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Why Local Food Matters

Promoting local food production from field to fork.

The Funders View

Some Young Farmers groups have struggled for new members in recent times, but the Worth Valley group have doubled their numbers by their proactive and passionate approach of linking young people from outside the agricultural community back into farming, encouraging an understanding of the field to fork process. The Leader programme across Europe is all about encouraging and supporting local groups such as this, local action of this nature and bringing rural issues to the forefront of young people’s thinking. It was a great pleasure to support this project and to learn from the energy and enthusiasm of this group.  

Where is the Project?

The Worth Valley Young Farmers Club, meet regularly in Haworth but have members drawn from a huge surrounding area, from rural Craven in North Yorkshire to urban Bradford in West Yorkshire.

The Why Local Food Matters message has been taken to various food and farming events in and around the area. The promotional event at the Bronte Vintage Gathering in May 2010 in particular proved to be a great success and was picked up by the local ITV news programme Calendar. This feature in turn lead on to an inclusion in the ITV programme Fixers, aimed at youngsters between 16 and 24.

As part of this programme, some of the older members put together a series of animated films, from Field to Fork, which have been circulated in the form of a DVD to all primary schools throughout the South Pennines and beyond.

The Project Story

The Worth Valley Young Farmers describe themselves as a modern organisation with old fashioned values, an accurate description. The club itself has been going for 67 years but the members are exclusively youngsters, the only criteria for membership is youth – members must be aged between 10 and 26 - you definitely don’t have to be a farmer to join. In fact one of the key aims of the YFC is to encourage youngsters from outside the farming community to take an interest and an active role in agriculture. The majority of the 60 or so current members are not from farming families.

‘Why Local Food Matters’ is the title for a whole series of public consciousness raising events undertaken by the Worth Valley YFC in response to increasing  concerns about the disconnect between rural producers of food and urban consumers of food. The project developed when Worth Valley YFC held an open farm day for Bradford’s schools. “We were shocked to see the surprised looks on many of the children’s faces when we showed them that the egg came out of the hen, that the sausages on their supermarket shelves had once been a pig, and when the farmer squeezed the cows teat and milk came out I think they thought he was a magician!” says Jack Holmes.

Jack Holmes is 18 years old and like many youngsters he is an expert at multi-tasking, he is stock and pig man on his parent’s farm whilst still a student at the local college. He is also a trainee butcher - a useful skill for the future and he works at Marsh Top Farm Shop, (belonging to his parents), stocking and selling farm-produced food over the counter. His passion is farming, “I think it is really important that young people understand where their food comes from, some people don’t think further than the supermarket shelves.” “People need to know what we farmers do and why we do it, our future depends on it!”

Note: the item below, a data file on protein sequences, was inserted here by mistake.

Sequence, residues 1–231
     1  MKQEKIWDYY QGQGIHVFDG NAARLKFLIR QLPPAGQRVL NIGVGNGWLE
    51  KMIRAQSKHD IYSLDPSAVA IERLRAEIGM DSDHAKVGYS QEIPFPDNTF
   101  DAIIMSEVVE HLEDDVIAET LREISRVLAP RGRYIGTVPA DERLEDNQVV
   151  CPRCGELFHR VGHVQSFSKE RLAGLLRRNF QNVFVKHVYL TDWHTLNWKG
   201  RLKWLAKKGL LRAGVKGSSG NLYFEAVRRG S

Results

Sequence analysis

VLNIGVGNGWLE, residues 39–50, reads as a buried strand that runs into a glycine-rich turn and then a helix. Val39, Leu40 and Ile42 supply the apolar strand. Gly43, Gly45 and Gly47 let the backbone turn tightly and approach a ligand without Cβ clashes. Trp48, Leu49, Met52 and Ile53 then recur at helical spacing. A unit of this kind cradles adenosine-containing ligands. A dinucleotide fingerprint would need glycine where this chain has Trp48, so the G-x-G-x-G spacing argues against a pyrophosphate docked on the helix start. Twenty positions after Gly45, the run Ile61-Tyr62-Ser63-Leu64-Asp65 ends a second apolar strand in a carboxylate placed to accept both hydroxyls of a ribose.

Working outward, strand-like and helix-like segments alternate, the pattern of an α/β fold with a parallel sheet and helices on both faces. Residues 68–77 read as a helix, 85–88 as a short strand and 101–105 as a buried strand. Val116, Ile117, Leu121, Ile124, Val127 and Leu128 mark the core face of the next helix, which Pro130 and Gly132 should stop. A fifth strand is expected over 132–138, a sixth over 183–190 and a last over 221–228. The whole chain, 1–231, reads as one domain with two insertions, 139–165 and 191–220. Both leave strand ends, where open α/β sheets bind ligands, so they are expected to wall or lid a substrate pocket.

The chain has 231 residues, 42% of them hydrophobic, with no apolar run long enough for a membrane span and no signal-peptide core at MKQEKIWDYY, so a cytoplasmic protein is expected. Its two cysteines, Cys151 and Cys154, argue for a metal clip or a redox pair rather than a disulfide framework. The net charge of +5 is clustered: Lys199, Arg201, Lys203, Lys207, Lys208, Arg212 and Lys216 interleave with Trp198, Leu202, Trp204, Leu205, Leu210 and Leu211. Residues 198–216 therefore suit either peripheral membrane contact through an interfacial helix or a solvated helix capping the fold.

What spare time he has is directed towards the Worth Valley YFC, “Whenever we set up our, ‘Why Local Food Matters’ stall, everyone wants to come and have a chat, children in particular love to see and stroke the animals, the butchery and cookery demonstrations are always packed.”

Andrew Wood, Worth Valley YFC Club Leader said, “There is so much confusion about food, we wanted to demonstrate just how easy it is to use locally produced food.” “We wanted to inspire people too, so we choose modern and exciting meals, my personal favourite was the Moroccan inspired lamb, adventurous cooking, local ingredients, delicious.”

In preparation for the, ‘Why Local Food Matters’ events, YFC members visited Jamie Oliver’s Ministry of Food, in Bradford.  There they developed recipes using locally produced ingredients and spent time perfecting the dishes.  Then at public cookery demonstrations during the course of the summer of 2010 they, ‘passed on’ their knowledge everyone who was interested.

 The, ‘Pass it on’ events proved so successful there was a second visit to Jamie’s Ministry of Food and new recipes were demonstrated at events during the summer of 2011.

‘Why Local Food Matters’ was a huge public relations success, it led first to a spot on local ITV news programme, Calendar, this in turn led to them being invited to contribute the key note speech at a Climate Change Conference and this in turn led to an involvement with Fixers an ITV programme aimed at 16 to 24 year olds - the message is continuing to spread. 

A series of short animated films, ‘Field to Fork’ were the culmination of months of hard work by a number of Worth Valley YFC members, put onto DVD and distributed to all local primary schools they tell the story of food from farm to plate. It was “World Premiered” in the Airedale Shopping Centre in Keighley before the Christmas lights switch on before large audiences of shoppers. The DVD is written and voiced by members of the Club, animated by Chloe Rodham, a talented young animator.  The finished DVD was first put onto the ITV Fixers website and it was one of their top projects with over 4,000 views.

Sophie Ogden who voices the animated Sophie in the film said, “The film has a feel-good factor, it is a fun script, but also, it is important for everyone to see how the local economy works, if people are able to see where their food comes from and where their money goes, they might consider more than just price when choosing where to shop and what to buy.”